Professional Relevancy vs. Commoditization
Some of us near or past 50 years reflect on our choices. Not for nostalgia sake, but how we have made a difference. I wrestle with this mightily – almost daily. Those familiar with the actor Richard Dreyfus and his role as Glenn Holland in the movie Mr. Holland’s Opus may recall he was a high school music teacher.
He takes this teaching job to pay the rent while, in his 'spare time', he can strive to achieve his true goal - compose one memorable piece of music to leave his mark on the world. As Holland discovers 'Life is what happens to you while you're busy making other plans' and as the years unfold the joy of sharing his contagious passion for music with his students becomes his new definition of success. I disagree.
I know few folks performing full-time business valuation work who from a young age aspired to be doing this line of work. I, myself, thought I was going to be a fighter pilot, then a commercial airline pilot. I was fortunate to be nominated by both my U.S. congressman and senator to attend the US Air Force Academy, but then broke my wrist and waited to graduate college to join the US Marines. I still pursued the desire to be a pilot, but my eyesight had other ideas. I became a tank officer instead.
If nothing else, the USMC is an awesome “tribe”. Being part of a group that strives to maintain high standards and has esprit d’corp (unity forged by common purpose larger than oneself) is unlike anything I experienced before or after. It’s a calling. Leaving it behind is no small feat.
I bounced around in various executive operational, sales and finance positions in the corporate world, then was activated for Desert Storm. Events like that can have a profound impact on what you have done with your life and where you expect to head if you remain intact. It led me to not want to return to being one more fish in a giant pond. Instead I became an analyst and eventual owner of a boutique multi-disciplinary appraisal firm. Being an entrepreneur compensated on merit made sense to me.
Real estate appraisals were becoming a commodity then, where MAI designated commercial appraisers once commanded 5-figure fees for reports. Back in the day, the Appraisal Institute did a phenomenal job in positioning the MAI appraiser whereby most provisions in legal documents where a real estate appraisal was required called for the work to be performed by a MAI. (To some extent the AICPA has sought to do so for its ABV business appraisers.) Then licensing levelled the playing field, but diluted the market under the lowest common denominator - fee. High volume review work made sense and could be lucrative, but with automation even that work was becoming commoditized with fees ever lowering.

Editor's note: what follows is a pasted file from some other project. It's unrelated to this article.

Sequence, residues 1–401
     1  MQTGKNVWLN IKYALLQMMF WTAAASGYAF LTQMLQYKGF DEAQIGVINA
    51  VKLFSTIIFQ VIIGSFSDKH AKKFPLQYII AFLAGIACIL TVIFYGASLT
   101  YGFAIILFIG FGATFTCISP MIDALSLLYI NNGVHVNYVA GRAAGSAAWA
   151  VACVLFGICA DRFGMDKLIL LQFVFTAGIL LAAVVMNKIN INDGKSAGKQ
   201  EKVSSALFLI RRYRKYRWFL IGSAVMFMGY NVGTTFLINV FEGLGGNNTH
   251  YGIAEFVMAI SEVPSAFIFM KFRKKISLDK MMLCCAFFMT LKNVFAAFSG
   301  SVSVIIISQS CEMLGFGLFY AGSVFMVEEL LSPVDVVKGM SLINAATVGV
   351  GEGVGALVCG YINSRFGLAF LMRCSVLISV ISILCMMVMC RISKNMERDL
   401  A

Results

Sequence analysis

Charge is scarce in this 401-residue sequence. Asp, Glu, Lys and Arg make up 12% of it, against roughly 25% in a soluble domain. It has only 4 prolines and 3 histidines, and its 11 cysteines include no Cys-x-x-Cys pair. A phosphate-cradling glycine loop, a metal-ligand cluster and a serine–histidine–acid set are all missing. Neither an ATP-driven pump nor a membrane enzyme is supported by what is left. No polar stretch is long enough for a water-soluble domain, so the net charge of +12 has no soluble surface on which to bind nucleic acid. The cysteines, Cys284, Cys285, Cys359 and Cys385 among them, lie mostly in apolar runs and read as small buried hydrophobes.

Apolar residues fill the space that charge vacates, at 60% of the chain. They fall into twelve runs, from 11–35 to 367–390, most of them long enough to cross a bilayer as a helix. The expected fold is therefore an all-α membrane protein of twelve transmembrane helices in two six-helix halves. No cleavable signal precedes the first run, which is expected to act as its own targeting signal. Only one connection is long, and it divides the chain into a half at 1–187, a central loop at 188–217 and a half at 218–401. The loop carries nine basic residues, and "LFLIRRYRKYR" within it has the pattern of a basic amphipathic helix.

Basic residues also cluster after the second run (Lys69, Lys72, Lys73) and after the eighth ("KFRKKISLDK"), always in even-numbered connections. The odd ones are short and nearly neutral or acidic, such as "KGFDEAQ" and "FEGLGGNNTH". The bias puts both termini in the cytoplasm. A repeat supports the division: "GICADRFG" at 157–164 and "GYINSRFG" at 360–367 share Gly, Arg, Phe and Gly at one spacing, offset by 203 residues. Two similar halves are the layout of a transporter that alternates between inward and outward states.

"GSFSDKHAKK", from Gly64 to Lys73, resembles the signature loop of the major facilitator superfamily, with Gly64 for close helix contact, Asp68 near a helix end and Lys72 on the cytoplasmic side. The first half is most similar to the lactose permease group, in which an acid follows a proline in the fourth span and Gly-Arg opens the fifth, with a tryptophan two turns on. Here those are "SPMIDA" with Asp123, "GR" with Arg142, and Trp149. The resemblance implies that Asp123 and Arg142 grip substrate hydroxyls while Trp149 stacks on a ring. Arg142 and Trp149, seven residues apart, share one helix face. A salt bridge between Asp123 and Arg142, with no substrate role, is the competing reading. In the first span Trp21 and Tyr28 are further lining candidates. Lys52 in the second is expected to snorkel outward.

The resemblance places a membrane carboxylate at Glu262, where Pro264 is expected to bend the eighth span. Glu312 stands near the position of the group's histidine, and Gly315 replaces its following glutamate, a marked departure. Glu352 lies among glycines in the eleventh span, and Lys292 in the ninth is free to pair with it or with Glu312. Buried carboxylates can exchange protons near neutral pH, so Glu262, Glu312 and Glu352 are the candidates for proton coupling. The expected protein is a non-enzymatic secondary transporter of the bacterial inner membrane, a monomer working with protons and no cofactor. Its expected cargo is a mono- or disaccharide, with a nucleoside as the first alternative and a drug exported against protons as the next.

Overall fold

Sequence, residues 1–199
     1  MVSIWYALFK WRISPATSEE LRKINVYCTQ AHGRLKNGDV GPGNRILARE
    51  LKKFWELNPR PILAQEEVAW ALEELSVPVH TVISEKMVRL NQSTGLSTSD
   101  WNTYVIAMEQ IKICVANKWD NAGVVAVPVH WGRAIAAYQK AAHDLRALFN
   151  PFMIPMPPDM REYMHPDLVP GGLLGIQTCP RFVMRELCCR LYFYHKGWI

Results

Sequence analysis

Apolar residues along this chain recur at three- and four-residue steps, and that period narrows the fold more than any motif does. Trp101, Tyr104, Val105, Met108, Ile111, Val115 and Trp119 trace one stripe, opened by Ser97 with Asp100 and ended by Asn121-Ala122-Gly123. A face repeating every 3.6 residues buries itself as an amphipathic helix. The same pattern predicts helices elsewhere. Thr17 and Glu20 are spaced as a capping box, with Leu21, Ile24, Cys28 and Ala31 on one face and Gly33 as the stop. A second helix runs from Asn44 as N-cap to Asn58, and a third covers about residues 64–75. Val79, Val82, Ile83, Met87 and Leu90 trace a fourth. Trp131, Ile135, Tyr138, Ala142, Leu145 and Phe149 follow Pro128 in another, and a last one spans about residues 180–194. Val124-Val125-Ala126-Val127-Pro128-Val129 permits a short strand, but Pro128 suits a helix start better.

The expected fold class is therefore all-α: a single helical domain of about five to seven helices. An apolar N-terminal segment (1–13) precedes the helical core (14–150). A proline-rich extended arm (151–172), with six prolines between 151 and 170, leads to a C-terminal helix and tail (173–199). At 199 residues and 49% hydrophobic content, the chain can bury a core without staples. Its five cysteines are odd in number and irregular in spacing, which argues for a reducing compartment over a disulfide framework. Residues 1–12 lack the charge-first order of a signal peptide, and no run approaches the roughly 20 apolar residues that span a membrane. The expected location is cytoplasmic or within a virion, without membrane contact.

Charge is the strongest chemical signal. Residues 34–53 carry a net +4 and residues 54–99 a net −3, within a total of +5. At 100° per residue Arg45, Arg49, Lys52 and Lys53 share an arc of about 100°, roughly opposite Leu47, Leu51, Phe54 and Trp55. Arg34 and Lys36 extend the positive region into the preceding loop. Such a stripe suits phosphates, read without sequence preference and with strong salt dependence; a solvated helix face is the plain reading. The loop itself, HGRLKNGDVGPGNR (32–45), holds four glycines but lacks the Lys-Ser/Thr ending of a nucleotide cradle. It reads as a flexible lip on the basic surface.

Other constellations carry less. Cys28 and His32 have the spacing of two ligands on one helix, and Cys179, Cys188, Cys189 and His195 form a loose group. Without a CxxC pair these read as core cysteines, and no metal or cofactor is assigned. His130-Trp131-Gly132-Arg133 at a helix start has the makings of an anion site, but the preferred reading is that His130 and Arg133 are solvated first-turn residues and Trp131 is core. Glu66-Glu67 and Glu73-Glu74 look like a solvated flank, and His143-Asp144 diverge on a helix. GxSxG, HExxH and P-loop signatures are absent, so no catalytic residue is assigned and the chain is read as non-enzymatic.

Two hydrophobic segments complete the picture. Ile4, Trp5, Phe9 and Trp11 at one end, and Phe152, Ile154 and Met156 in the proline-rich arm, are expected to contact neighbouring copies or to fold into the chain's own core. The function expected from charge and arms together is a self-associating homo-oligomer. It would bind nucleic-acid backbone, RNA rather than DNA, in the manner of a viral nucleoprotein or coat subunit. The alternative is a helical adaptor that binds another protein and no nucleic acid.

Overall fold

It made sense to focus our practice on business valuation work because some degree of intellectual rigor was necessary. It naturally followed there were associations holding themselves out to maintain these standards through education and accreditation. If the reader looks to the business of higher education, the goal is to capture student funds for a select period of time, push them through and confer a diploma certifying they know more than when they arrived (mind you two out of three adults don’t have a college degree). Then repeat. And, whom among us believes that being a newly minted bachelor’s degree holder makes us qualified management material?
So, it stands to reason the business model is one of volume and velocity, which begets more offerings and more students at the undergraduate and graduate levels. But where is the recurring revenue for professional bodies? Recertification which requires continuing education. I’d happily pay more for my valuation accreditations if these organizations dedicated more funds to educating the marketplace versus pursuit of an ever-shrinking number of potential Business Valuation members.
Your dollars are as good as mine. However, the majority of those who maintain their accreditation do not perform valuation full-time. In the Marines, you train, train and train some more. Why? You fight only as well as you train. Let’s say a full-time valuator in five years can perform 100 engagements and what of the part-timer who performs four per annum? It’ll take 25 years to have comparable skills.
I’m not too proud to acknowledge that if I reviewed my first 100 reports there are things I did not know that I did not know and wished I had. I also had a limited budget for data, so bought what I could afford versus what was needed for a more empirically well-supported work product.
Needless to say, I wanted to know what I did not know, so read everything published on valuation and built a fairly comprehensive library. I was convinced that if I knew what there was to know about being the very best practitioner, I would be set with clients beating down our door. I’m such a fool.